US retail sales jumped by a record 17.7% from April to May, with spending rebounding after the coronavirus flattened the economy during the previous two months. The Commerce Department reported that retail sales have somewhat recovered after record-setting month-to-month plunges of 8.3% and 14.7% in March and April as businesses have reopened. Still, the pandemic’s damage remains severe, with purchases still down 6.1% from a year ago. Sales at non-store retailers, which include companies like Amazon and eBay, rose 9% in May after posting growth of 9.5% in April. Building materials stores enjoyed a monthly gain of 10.9%. Grocers posted a 14.4% annual sales increase, reflecting fewer people eating out. Other sectors in retail posted spectacular growth in May yet still face an uncertain future given the blows they absorbed in March and April. Clothiers achieved a 188% monthly gain but still remain down 63% over the past 12 months. Furniture store sales surged 90% last month, but they’re still down more than 21% on the year. The same holds for restaurants, electronics stores, department stores, and auto dealers. See sales reports on Page 4...Simon Property Group has terminated its merger agreement with Taubman Centers Inc. and has filed suit against Taubman. In the suit, Simon alleges that the COVID-19 pandemic had a “uniquely material and disproportionate effect on Taubman”.  It also alleges that Taubman breached its obligations related to the operation of its business. Taubman owns, manages or leases  26 premium shopping malls in the US and Asia.

TJX Cos., parent of T.J. Maxx, Marshalls and HomeGoods, has started reopening stores worldwide, and anticipates that most stores could be open by the end of June. Since May 2, TJX has reopened 1,600 stores worldwide, roughly 36% of the company’s 4,500 stores. In the US, TJX has fully or partially reopened in 25 states…Bed Bath & Beyond Inc. is reopening 600 stores, including about 500 Bed Bath & Beyond locations across North America, along with 50 Christmas Tree Shop stores and 50 Cost Plus World Market stores in the US. The openings mean that around 50% of the company’s total store fleet of 1,500 locations is expected to be open this month...Apple reopened about 100 US stores this month, with an emphasis on curbside pick-up. Apple has about 270 US locations.... Dick’s Sporting Goods has reopened 80% of its stores; Five Below has reopened 75%...Best Buy is dropping the shop-by-appointment model it put in place in its first wave of store reopenings. More than 800 Best Buy locations across the country will begin allowing a limited number of people inside.

Accelerating Retail News

Lidl opened its 100th US location last month in Suwanee, GA...Dollar General opened 250 stores during the first quarter, despite the pandemic. Dollar General operates 16,500 stores... Five Below has opened 40 new stores so far this year and expects to open 100 to 120 new stores in 2020. Five Below has reopened more than 75% of its 900-plus stores as pandemic restrictions ease...Tire Discounters is planning 5 new locations for the TN, AL, IN markets. The company has 132 stores and has added 25 stores within the last 2 years…Club Pilates is set to open 21 new locations in June. This brings the company to 615 US studios...Ahold Delhaize USA’s Food Lion plans to acquire 62 Bi-Lo and Harveys Supermarket stores and a distribution center from Southeastern Grocers. Plans call for the 46 Bi-Lo and 16 Harveys locations in NC, SC and GA to remain open under those banners until the transaction is finalized in the first half of 2021, and then be converted to Food Lion stores...Chicken Salad Chick will open its first-ever location in Indiana this month. Chicken Salad Chick has more than 155 restaurants in 17 states... Dick’s Sporting Goods has added 2 outlet and clearance store banners to its portfolio: Overtime by Dick’s Sporting Goods and Dick’s Sporting Goods Warehouse. Overtime offers apparel, footwear, and equipment from brands such as Nike, Adidas and Under Armour  at up to 75% off regular prices. 3 Overtime stores opened this month. The company opened 5 Dick’ Sporting Goods Warehouse locations, which offer footwear and apparel at up to 90% off. With the new openings, Dick’s will have 11 outlet and clearance centers in 9 9 states. As of May, Dick’s operates 726 US stores... Tire Pros has added 10 locations in 8 states. There are more than 600 US Tire Pros locations in 45 states...Wawa Inc. opened its 900th convenience store this month in Springfield, NJ. Pennsylvania-based Wawa operates 900 convenience stores in 7 states...American Eagle Outfitters opened a new store format, called Unsubscribed, in East Hampton, NY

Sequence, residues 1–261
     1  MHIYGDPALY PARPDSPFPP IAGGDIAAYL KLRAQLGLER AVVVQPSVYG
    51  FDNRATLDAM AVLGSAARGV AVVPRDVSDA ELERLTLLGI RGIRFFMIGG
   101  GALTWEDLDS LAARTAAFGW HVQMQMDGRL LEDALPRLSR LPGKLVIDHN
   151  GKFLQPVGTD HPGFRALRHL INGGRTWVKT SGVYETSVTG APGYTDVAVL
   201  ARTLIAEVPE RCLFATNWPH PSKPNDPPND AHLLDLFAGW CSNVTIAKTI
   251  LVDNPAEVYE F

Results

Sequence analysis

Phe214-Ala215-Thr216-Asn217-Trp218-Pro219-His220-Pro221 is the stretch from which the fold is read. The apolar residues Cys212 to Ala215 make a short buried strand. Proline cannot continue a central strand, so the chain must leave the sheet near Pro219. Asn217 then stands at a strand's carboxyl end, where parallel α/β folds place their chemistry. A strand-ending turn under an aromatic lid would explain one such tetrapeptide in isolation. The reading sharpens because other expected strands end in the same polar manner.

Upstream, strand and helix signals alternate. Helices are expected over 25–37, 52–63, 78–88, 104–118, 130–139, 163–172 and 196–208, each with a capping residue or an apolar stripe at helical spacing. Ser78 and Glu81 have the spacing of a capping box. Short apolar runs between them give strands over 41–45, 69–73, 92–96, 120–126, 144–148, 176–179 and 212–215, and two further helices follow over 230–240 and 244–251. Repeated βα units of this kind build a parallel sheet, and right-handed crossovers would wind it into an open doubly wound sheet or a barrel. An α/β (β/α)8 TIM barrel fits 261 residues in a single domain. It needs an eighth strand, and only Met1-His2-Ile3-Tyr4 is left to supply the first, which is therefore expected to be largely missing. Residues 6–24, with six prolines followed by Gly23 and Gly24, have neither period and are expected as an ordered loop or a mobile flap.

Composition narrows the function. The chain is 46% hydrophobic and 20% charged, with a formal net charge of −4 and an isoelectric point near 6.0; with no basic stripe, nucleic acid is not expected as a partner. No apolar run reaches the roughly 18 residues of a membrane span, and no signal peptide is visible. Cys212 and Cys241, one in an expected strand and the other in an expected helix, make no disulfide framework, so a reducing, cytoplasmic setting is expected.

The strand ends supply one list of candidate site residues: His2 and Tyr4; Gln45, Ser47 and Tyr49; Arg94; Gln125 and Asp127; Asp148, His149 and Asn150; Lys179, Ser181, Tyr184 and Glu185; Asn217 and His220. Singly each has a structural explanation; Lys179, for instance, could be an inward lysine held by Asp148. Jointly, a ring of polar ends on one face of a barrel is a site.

Decelerating Retail News